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Deadline (2012)

PG-13 | | Drama, Mystery, Thriller | 13 April 2012 (USA)
2:25 | Trailer

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The murder of an African American youth in rural Alabama has gone unpunished, unsolved and uninvestigated for almost twenty years. But that changes when Nashville Times reporter Matt Harper... See full summary »








Cast overview, first billed only:
Matt Harper
Ronnie Bullock
Anna Felix ...
Delana Calhoun
Trey Hall
Mary Pell Sampson
Walker Burns
Lucas Harper (as J.D. Souther)
Reverend Young
Judge Buchanan
David Dwyer ...
Everett Hall
Billy 'Possum' Baker
Olen Perringer Jr.
Vanessa Brown
Larry Woods ...
Max McCallum
Warren Baxter


The murder of an African American youth in rural Alabama has gone unpunished, unsolved and uninvestigated for almost twenty years. But that changes when Nashville Times reporter Matt Harper meets an idealistic blue blood bent on discovering the truth. Harper undertakes the investigation despite the opposition of his publisher, violent threats from mysterious forces, a break-up with his fiancee and his father's cancer diagnosis. Deadline is a story of murder, family, race, and of redemption - for a small Southern town and for Matt Harper. Written by Mark Ethridge

Plot Summary | Add Synopsis


Uninvestigated, unsolved and unpunished. Until now.

Motion Picture Rating (MPAA)

Rated PG-13 for some mature thematic material


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13 April 2012 (USA)  »

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User Reviews

A plot with great potential but squandered by uninspired filmmaking
29 July 2012 | by (United States) – See all my reviews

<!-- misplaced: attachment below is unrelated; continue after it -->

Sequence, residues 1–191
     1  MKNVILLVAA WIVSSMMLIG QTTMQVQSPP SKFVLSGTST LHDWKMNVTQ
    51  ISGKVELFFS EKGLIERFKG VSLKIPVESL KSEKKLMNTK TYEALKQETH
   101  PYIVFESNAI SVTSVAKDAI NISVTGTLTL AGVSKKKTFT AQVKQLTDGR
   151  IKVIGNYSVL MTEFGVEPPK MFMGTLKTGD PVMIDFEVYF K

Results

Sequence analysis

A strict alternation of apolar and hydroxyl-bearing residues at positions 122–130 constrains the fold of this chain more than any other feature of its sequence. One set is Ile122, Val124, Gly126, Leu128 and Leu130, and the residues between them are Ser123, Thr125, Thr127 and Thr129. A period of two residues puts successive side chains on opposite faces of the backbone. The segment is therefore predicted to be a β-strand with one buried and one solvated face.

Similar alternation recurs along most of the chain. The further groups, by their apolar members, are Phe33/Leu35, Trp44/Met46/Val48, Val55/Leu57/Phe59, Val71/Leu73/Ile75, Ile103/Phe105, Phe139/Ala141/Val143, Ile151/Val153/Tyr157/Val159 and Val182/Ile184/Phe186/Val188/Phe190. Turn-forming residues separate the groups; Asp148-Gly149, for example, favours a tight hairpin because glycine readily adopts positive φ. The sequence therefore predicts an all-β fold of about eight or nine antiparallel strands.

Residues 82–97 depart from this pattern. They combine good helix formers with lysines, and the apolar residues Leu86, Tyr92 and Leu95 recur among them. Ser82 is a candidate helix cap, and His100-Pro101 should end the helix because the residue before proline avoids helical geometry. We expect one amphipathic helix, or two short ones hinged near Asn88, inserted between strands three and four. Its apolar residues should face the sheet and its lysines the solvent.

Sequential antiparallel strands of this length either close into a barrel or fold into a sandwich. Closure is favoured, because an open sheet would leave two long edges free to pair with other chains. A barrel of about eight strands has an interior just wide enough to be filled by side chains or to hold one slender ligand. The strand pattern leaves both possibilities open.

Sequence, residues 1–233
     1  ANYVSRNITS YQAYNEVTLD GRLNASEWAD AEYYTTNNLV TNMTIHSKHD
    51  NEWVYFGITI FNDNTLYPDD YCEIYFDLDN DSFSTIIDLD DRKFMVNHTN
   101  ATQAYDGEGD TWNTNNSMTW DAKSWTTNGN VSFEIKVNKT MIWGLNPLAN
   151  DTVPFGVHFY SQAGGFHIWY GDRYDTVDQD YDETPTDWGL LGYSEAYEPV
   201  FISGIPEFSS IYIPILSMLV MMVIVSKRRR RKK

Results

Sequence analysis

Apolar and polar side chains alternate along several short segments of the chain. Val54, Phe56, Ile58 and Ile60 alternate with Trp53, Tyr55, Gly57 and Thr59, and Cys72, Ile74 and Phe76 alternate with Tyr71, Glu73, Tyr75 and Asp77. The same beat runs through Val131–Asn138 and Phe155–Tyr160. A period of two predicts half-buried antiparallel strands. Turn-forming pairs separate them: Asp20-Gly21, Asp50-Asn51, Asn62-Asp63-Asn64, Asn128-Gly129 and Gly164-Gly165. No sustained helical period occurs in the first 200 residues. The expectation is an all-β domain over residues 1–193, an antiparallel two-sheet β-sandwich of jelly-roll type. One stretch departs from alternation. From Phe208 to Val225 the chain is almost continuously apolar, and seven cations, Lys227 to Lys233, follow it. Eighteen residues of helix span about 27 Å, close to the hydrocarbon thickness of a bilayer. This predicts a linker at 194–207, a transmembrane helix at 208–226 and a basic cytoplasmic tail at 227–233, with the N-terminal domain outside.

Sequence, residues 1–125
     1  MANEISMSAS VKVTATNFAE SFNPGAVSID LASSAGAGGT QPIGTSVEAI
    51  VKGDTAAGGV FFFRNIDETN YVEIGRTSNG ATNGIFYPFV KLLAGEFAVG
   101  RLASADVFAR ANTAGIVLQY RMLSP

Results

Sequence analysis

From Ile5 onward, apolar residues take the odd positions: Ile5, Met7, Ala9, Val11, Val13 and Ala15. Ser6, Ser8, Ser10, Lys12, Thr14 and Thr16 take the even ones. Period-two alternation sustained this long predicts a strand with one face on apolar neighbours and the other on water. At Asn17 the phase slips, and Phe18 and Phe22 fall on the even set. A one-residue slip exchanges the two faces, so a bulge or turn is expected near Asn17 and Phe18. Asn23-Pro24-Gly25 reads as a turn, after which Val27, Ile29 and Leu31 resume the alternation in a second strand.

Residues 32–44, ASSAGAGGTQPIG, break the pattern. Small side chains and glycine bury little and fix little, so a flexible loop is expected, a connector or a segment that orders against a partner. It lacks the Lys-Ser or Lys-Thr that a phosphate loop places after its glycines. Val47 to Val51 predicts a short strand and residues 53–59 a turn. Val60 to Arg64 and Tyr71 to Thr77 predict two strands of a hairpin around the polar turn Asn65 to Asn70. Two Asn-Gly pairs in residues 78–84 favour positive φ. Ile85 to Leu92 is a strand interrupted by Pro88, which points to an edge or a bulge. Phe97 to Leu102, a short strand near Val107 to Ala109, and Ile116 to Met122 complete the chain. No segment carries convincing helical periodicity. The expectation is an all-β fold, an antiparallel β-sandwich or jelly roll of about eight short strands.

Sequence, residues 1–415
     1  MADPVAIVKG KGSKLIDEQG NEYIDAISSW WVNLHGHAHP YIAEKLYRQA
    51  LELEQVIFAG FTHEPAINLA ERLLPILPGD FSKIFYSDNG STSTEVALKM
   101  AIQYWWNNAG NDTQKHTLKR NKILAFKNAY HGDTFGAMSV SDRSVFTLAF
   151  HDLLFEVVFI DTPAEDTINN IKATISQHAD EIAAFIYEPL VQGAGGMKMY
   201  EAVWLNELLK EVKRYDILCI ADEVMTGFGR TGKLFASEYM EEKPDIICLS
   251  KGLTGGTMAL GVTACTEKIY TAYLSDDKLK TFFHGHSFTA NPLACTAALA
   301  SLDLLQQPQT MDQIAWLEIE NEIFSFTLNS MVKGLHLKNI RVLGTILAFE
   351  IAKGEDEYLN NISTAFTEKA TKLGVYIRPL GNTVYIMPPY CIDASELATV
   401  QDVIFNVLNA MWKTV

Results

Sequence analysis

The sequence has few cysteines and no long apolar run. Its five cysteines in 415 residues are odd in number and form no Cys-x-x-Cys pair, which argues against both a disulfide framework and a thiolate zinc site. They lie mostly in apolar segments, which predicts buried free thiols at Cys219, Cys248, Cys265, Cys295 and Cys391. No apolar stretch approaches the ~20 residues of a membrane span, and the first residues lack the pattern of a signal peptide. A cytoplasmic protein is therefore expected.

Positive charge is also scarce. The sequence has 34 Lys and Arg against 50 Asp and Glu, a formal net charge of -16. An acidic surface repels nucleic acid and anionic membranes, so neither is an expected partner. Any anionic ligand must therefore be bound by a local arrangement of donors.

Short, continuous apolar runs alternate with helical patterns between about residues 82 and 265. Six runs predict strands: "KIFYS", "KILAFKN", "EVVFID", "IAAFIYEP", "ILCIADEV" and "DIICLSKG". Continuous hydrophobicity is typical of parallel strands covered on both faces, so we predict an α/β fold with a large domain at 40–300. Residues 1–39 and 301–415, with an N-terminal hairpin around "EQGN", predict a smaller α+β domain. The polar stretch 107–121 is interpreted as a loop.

"Deadline" could have been a near-great film, but the script, acting, and particularly the music and pacing were all badly done. This is the best illustration I've ever seen that any movie needs to have a beginning, a middle and and ending, if only for the purpose of building the dramatic tension needed to propel the story to its conclusion. The rock songs that were heard intermittently throughout did absolutely nothing to set the mood or tone, amounting instead to an annoying distraction. One has to wonder how any newspaper short of the New York Times could afford to pay two reporters to work primarily on obituaries, as apparently was the case with the two male protagonists (Eric Roberts and Steve Talley). The scene in which an inept deputy is drugged is utterly bizarre and unbelievable. It is hardly likely that a young cub reporter could afford a sports car (I was unable to recognize the make or model) that would typically cost upwards of $40,000. The courtroom scene near the end is a prime example of self-indulgent use of dramatic license that could have been avoided in the hands of a better screenwriter. Various other set-ups, which I'll not describe as they might be considered "spoilers," simply didn't ring true, again probably the product of hurried, poorly-vetted screen writing. Did anyone ever inform the screenwriter of this movie that the craft is labor-intensive, and it requires painstaking hours to eliminate the bugs from a plot? Am I sorry that I watched the movie? No. Does "Deadline" stand as further proof that the film industry, far from being any sort of meritocracy, is a dysfunctional system in which---despite all of the barriers that stand in the way of innovation and the infusion of new talent---consistently produces mediocre product? Absolutely. John Streby, attorney and novelist; jstreby003@comcast.net.

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